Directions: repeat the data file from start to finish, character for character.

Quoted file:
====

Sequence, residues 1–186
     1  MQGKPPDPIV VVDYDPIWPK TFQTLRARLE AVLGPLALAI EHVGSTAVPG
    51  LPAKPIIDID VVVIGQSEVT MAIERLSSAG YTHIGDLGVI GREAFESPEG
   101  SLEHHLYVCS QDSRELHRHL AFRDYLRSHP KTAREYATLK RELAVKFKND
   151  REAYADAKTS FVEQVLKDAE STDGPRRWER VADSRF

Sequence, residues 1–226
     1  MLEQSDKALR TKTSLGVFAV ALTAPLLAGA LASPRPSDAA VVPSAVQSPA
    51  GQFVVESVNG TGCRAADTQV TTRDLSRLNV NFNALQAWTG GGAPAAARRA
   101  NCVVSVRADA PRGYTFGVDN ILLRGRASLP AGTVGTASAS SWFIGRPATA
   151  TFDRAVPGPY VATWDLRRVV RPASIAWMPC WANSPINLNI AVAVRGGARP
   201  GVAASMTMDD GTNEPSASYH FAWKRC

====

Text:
Sequence, residues 1–186
     1  MQGKPPDPIV VVDYDPIWPK TFQTLRARLE AVLGPLALAI EHVGSTAVPG
    51  LPAKPIIDID VVVIGQSEVT MAIERLSSAG YTHIGDLGVI GREAFESPEG
   101  SLEHHLYVCS QDSRELHRHL AFRDYLRSHP KTAREYATLK RELAVKFKND
   151  REAYADAKTS FVEQVLKDAE STDGPRRWER VADSRF

Sequence, residues 1–226
     1  MLEQSDKALR TKTSLGVFAV ALTAPLLAGA LASPRPSDAA VVPSAVQSPA
    51  GQFVVESVNG TGCRAADTQV TTRDLSRLNV NFNALQAWTG GGAPAAARRA
   101  NCVVSVRADA PRGYTFGVDN ILLRGRASLP AGTVGTASAS SWFIGRPATA
   151  TFDRAVPGPY VATWDLRRVV RPASIAWMPC WANSPINLNI AVAVRGGARP
   201  GVAASMTMDD GTNEPSASYH FAWKRC